For Christian students and faculty, reading Clarke’s Piranesi can be taken as a similar warning. Her book shines a light on both the limits and dangers of pursuing knowledge instrumentally (as seen in the Other) and pursuing knowledge outside of community (as seen in Piranesi).
Uniting Memory and Vision
And yet Clarke’s tale also hints at a more hopeful Way—that a distinctively Christian love can break in to redeem even those trapped in a world of forgetting.
A central moment in Piranesi’s life in the House is the coming of a white Albatross that appears out of a symbol Piranesi recognizes, but not from the House. He records the moment in his journal:
I saw a vision! In the dim Air above the grey Waves hung a white shining cross. Its whiteness was a blazing whiteness; it far outshone the Wall of Statues behind it. It was beautiful but I did not understand it. The next moment brought enlightenment of a sort: it was not a cross at all but something vast and white, which glided rapidly towards me on the Wind.
Piranesi begins to mark time by the appearance of the albatross in the House (not unlike our own dating of history from the birth of Christ). Without spoiling the mystery of the story, I can say that much of Piranesi’s subsequent journey after this point becomes a struggle to recover relationships, culture, family, and tradition. It is for Piranesi as it is for us: memory and vision must work in unison to tie together the fragments of our lives.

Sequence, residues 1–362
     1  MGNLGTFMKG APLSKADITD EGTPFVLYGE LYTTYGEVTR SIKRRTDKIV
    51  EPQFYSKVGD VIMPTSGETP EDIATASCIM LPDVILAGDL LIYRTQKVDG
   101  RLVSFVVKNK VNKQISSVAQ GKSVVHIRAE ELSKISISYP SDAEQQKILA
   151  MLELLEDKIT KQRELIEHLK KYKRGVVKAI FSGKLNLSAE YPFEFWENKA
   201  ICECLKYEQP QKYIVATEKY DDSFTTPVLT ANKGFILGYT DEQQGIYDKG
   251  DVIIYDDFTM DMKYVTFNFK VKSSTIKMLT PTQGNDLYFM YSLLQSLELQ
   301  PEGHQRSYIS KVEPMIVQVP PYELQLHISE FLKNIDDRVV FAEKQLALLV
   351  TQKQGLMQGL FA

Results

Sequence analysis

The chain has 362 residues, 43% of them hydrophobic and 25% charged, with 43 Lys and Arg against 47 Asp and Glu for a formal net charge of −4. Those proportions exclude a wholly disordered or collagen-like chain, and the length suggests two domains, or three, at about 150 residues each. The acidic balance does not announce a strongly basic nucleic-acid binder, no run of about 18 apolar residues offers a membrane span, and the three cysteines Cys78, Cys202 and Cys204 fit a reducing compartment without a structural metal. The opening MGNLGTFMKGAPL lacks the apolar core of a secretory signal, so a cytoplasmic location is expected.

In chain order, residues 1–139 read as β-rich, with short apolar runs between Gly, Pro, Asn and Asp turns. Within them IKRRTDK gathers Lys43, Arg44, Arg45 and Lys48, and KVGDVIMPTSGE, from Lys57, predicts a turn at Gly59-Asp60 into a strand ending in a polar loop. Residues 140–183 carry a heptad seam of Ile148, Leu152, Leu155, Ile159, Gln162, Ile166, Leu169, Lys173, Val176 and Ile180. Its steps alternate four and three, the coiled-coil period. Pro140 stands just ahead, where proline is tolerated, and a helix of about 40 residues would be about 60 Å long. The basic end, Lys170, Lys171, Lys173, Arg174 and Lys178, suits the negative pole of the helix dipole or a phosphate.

Remembering another Way
While self-proclaimed Christians today may comprise a small fraction of the people within public universities, it is important to remember that the university as an institution was (largely) an invention of Christians seeking to discover truth, goodness, and beauty (I am reminded of Johann Kepler’s 17th century definition of a scholar’s purpose: “To think God’s thoughts after Him”). Clarke’s story shines a light on our own world by taking us to a strange cosmos where Christian ethics and symbols are (mostly) concealed. She then immerses us in what I take to be two limited (and sub-Christian) approaches to knowledge and meaning—and how both are a kind of imprisonment. The Other remains alienated from the knowledge within the House, while Piranesi’s ultimate liberation comes through reforged connections beyond his isolated existence.
Reading Piranesi may help you—as it did me—see, in C. S. Lewis’s terms, the ‘deep magic’ at work in our broader social disintegration, as well as a ‘deeper magic’ capable of repair—the integrative power of the Christian story. This Christian Way of knowing is pursued in community and it is marked by humility, grace, faith, hope, love, patience, diligence, and kindness. As many students and scholars know firsthand, it is a Way that enriches and integrates the pursuit of knowledge as understanding with wisdom for living. For those who seek the flourishing of the public university, it is a Way we ought never forget.
originally published at Anselm House’s website, re-published with permission